LePage Administration Agrees to Halt Dismantling Downeast Correctional Facility
The LePage administration has agreed – for now – to stop removing equipment from the Downeast Correctional Facility in Machiasport.
Washington County commissioners filed an injunction this week to block the administration from dismantling the facility after inmates were abruptly removed last Friday. Attorney General Janet Mills has opted not to defend the state, prompting a stand-down while the LePage administration seeks counsel.
The agreement was announced in Kennebec Superior Court Wednesday. Washington County Commissioner Chris Gardner says putting the brakes on any further action around the Downeast Correctional Facility – even temporarily – is critical.
“This is that moment, that breathing period,” says Gardner. “Ya know, everybody was acting way too fast.”
It started in the predawn hours Friday morning, when Department of Corrections personnel woke up inmates, boarded them onto buses, and sent them to facilities in Charleston and Warren. Most of the correctional facility's 55 employees were placed on administrative leave until their jobs are to be terminated in early March.
Then Monday the state started removing bunk beds.
“The governor had them moving at a fairly quick pace to get everything out of there and really render the facility not useful for anything,” says Mackie, a union rep for corrections officers.
Mackie represents one of two workers’ unions that are asking to join as intervenors in an injunction request filed by Washington County and Machiasport against the Department of Corrections. They have an ally in Maine Attorney General Janet Mills, who decided not to represent the LePage administration and who also asked to join as an intervenor. The agreement made Wednesday to put things on hold is not a formal court order, but gives time for the LePage administration to seek counsel.
Though it's seen as a positive step by supporters of the Downeast Correctional Facility, some employees, like Daniel Ramsdell, say he's out of a job no matter what.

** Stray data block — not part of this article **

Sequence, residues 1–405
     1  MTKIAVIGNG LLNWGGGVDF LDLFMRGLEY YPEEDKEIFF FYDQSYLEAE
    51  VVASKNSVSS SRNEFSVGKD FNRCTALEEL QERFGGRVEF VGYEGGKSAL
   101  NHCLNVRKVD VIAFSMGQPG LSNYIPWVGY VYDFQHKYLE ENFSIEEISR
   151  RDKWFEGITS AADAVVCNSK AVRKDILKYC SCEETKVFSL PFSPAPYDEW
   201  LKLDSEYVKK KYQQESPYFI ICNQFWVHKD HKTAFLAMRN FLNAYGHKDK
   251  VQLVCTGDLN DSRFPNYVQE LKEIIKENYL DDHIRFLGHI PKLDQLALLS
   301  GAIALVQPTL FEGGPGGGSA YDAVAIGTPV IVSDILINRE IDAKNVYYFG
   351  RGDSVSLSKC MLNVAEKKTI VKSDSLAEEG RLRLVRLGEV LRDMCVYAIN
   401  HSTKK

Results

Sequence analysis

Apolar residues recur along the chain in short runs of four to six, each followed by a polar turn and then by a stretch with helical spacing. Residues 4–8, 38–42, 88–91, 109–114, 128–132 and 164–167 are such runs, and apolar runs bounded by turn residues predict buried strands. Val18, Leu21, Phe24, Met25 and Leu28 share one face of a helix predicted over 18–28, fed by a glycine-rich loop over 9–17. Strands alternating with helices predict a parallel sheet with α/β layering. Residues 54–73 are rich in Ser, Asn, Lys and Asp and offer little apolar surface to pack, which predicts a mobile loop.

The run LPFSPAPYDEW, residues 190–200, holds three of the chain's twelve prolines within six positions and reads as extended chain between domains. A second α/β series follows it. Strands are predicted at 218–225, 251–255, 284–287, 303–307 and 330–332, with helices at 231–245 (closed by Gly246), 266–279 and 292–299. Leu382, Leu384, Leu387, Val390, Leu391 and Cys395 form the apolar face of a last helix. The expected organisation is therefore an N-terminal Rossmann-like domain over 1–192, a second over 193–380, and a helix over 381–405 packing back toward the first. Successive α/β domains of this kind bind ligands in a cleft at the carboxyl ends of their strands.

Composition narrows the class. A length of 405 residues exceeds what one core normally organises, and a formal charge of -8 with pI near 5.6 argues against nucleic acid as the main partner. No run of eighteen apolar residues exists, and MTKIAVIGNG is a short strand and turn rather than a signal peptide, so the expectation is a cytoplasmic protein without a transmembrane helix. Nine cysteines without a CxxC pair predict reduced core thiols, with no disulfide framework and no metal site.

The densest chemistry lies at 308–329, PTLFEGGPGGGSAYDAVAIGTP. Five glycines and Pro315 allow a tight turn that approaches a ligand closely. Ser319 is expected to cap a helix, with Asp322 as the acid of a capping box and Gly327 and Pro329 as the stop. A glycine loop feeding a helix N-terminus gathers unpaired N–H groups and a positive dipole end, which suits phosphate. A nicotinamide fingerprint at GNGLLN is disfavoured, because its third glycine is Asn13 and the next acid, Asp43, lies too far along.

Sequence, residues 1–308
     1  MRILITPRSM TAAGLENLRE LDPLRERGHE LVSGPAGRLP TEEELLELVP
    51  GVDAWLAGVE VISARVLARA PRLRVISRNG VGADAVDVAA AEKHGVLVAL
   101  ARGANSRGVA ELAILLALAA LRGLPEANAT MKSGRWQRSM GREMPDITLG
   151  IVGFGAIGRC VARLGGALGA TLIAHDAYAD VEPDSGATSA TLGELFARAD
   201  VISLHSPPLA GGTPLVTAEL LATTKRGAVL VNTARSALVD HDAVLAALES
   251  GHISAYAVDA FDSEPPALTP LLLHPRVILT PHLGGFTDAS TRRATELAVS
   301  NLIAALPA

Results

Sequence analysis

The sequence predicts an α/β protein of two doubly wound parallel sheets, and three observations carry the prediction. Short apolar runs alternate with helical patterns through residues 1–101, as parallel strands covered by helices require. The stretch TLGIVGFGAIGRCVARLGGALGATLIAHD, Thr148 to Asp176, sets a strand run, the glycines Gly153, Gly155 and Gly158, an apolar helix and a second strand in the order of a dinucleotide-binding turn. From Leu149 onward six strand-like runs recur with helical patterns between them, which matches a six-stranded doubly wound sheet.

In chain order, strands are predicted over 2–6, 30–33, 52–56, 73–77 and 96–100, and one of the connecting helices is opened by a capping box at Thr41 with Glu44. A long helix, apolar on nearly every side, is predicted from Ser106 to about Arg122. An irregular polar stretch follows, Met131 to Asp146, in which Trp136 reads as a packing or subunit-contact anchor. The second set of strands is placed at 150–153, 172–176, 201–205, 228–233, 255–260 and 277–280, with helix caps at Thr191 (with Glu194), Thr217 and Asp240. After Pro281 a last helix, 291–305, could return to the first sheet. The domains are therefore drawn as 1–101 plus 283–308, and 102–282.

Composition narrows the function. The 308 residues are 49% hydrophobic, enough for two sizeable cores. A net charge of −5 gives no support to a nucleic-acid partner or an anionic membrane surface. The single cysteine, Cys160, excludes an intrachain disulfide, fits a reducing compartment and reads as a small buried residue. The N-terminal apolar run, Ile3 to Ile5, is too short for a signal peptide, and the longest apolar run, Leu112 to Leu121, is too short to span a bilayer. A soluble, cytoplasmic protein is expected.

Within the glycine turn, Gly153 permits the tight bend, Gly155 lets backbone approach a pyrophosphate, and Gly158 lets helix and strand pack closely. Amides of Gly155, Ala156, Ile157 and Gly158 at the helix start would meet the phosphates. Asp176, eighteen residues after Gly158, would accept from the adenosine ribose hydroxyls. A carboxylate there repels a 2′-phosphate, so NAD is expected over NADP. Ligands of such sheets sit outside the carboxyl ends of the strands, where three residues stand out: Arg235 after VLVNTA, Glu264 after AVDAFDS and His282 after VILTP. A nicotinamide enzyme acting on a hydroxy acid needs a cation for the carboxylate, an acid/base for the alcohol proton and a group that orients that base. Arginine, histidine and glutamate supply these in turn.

“I'm done. I cannot go back,” says Ramsdell.
Ramsdell says he's worked as a corrections officer for 26 years, and that he has to retire before his job is terminated on March 3rd so that he doesn't lose his benefits. It's such a tight timeframe, he says he can't wait to see if the Downeast Correctional Facility will reopen. But at age 55, he says he'll have to find another job.
“Washington County is a poor county,” says Ramsdell. “There's no jobs out there to replace these ones. It's not like Portland where you can go out and get a job that pays the same a mile down the road. We don't have that.”
Commissioner Chris Gardner says the Downeast Correctional Facility is economically important to the region, but that's not the only reason it should reopen. “Make no mistake. We don't want charity,” says Gardner. “We are fighting for this facility because we know how efficient it is. At any time that it is proven to be inefficient, after given a fair shake and consideration, as county commissioner, I'll personally put the lock on the gate.”
The fate of the facility will be considered on two fronts: through the Kennebec Superior Court and through the legislature. Lawmakers are considering a bill that would provide more than $5 million dollars in funding to restore the facility to allow time for a study on the effects of closing it.